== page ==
Crash GP denies she took phone call
Claim denied: Dr Christine Caffrey leaves Perth Magistrate's Court. Picture: Ben Crabtree/The West Australian

A doctor has denied answering a mobile phone call in her car in the seconds before she ploughed into the back of Coles delivery truck, severing the leg of driver Matthew Chapman.

Western suburbs GP Christine Caffrey told Perth Magistrate's Court yesterday how she saw a "shape" on the side of Vincent Street in Nedlands one evening last August and immediately slammed on her brakes.

But it did not prevent her Subaru crashing into Mr Chapman, 32, and his truck with such force that his left leg was all but severed and had to be amputated.

Dr Caffrey is accused of dangerous driving causing grievous bodily harm, with prosecutors pointing to mobile phone records showing calls to and from her daughter in the seconds before the 000 call was received by emergency authorities.

The 52-year-old denied she had touched her phone while driving from her Dalkeith surgery, saying it had rung while on the passenger seat of her car but she had not answered.

"I never answered the phone," Dr Caffrey said.

"I thought the car was almost stopped - but I hit him with a thud."

The doctor emotionally described how she saw a big puddle of blood behind the truck and realised that the artery in Mr Chapman's leg had been severed.

She applied tourniquets with towels and helped ambulance officers at the scene.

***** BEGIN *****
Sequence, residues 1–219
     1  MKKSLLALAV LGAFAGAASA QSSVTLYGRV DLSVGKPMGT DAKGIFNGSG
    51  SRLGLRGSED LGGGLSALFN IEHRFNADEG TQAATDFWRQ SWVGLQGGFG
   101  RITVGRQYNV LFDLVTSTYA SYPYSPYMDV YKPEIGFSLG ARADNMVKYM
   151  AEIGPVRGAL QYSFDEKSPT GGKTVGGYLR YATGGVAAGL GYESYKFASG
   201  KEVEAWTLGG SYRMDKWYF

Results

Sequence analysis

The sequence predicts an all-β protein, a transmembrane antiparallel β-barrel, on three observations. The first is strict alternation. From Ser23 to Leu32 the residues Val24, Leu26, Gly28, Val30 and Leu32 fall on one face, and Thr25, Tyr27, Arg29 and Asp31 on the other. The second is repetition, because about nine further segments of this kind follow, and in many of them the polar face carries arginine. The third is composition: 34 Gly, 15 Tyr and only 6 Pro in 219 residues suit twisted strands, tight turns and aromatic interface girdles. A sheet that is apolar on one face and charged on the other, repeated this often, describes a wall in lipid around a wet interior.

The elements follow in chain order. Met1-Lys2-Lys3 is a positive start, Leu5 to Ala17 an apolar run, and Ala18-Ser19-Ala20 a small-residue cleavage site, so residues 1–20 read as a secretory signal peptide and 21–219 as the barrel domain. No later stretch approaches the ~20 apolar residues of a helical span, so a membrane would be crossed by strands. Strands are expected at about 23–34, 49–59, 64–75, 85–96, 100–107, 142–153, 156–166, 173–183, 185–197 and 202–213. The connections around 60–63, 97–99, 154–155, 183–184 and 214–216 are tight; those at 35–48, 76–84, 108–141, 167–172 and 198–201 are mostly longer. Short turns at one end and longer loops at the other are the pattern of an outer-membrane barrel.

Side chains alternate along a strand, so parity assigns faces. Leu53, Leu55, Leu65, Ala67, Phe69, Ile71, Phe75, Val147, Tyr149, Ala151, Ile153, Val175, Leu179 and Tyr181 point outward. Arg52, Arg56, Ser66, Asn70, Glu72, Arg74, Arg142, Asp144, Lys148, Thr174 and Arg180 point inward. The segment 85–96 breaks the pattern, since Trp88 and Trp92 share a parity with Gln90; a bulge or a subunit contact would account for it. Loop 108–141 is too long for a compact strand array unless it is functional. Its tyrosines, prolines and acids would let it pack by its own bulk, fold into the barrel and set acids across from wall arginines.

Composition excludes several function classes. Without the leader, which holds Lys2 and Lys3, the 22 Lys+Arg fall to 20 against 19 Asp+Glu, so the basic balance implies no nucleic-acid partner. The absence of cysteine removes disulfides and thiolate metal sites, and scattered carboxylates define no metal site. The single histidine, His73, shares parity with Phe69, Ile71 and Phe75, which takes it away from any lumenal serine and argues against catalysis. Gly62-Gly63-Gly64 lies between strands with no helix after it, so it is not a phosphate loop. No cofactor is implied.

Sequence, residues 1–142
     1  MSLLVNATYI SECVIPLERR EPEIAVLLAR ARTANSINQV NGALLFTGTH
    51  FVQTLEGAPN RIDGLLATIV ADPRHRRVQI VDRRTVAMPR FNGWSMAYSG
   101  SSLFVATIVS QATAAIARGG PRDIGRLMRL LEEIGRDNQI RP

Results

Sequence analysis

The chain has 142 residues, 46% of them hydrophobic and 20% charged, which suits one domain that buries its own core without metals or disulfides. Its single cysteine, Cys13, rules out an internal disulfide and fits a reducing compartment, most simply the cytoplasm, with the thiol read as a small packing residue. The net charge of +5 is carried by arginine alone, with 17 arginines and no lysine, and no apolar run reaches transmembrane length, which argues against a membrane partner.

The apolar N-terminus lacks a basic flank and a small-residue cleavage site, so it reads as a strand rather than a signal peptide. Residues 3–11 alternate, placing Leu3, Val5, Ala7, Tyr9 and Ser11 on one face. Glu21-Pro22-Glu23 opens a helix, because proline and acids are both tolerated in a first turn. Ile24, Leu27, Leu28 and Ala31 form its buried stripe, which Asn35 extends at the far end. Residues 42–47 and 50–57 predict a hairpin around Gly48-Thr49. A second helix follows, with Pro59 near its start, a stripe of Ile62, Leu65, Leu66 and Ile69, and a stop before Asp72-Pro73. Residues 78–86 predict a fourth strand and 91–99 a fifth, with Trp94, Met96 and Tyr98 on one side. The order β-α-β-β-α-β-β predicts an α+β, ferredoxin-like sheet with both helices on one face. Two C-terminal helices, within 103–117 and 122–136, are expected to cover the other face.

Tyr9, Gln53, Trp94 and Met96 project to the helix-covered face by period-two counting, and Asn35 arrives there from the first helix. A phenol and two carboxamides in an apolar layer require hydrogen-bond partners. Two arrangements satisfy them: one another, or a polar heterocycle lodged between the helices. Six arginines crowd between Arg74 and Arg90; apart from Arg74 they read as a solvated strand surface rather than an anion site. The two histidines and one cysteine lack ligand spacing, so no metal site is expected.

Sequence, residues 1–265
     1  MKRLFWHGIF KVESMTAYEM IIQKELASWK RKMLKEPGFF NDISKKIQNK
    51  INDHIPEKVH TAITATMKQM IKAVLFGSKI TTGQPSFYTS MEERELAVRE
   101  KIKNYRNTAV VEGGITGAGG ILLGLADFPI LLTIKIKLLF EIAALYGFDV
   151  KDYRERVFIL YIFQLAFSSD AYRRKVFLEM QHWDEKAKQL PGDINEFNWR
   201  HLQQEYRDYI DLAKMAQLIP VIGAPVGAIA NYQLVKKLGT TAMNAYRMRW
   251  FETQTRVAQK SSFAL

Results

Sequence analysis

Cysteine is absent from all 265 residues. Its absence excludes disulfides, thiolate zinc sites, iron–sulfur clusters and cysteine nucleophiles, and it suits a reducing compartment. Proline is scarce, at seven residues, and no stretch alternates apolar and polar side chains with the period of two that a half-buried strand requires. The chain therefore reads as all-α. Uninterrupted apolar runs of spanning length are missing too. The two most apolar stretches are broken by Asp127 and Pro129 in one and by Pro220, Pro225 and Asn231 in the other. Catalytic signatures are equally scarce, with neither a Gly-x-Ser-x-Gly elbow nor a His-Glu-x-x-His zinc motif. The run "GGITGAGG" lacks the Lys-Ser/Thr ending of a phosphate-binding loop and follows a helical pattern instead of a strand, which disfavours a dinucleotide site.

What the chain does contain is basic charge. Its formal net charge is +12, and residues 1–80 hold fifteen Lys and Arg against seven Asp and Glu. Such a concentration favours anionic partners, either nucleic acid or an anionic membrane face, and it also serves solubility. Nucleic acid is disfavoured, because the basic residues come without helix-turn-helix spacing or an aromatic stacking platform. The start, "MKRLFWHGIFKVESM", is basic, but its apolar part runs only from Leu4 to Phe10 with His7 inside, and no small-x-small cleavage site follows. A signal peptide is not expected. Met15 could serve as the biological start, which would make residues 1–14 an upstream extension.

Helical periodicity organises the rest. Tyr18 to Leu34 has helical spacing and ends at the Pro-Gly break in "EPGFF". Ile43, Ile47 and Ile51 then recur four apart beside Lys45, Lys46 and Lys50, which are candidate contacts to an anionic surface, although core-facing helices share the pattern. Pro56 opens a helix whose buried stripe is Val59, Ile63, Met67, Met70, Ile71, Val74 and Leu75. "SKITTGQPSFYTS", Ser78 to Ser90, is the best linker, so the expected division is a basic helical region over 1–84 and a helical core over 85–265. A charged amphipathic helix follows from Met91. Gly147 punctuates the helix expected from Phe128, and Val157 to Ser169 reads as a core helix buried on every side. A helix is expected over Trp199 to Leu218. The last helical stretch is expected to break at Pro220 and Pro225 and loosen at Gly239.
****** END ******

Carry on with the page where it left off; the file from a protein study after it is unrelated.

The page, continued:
"When I felt his leg with my hands, I could tell it was a very serious injury to his left leg," Dr Caffrey said. "I was shocked because I thought I had just tipped into him."

Prosecutors told Magistrate Michael Wheeler that phone records showed Dr Caffrey had phoned her 16-year-old daughter Niamh at 7.15pm on August 8.

Forty-five seconds later, Niamh phoned her back. And 24 seconds after that, the 000 call was made by a witness to the accident.

Prosecutors claimed it was the calls to and from Dr Caffrey's iPhone that distracted her so much that she failed to see the Coles truck, with its back doors open and indicator lights on, parked on the side of the street.

All Dr Caffrey described seeing was a big shape in the left-hand lane, which she realised was a truck, then a man standing behind it.

"He was standing looking at me on my side of the car," she said.

The trial continues.

The West Australian

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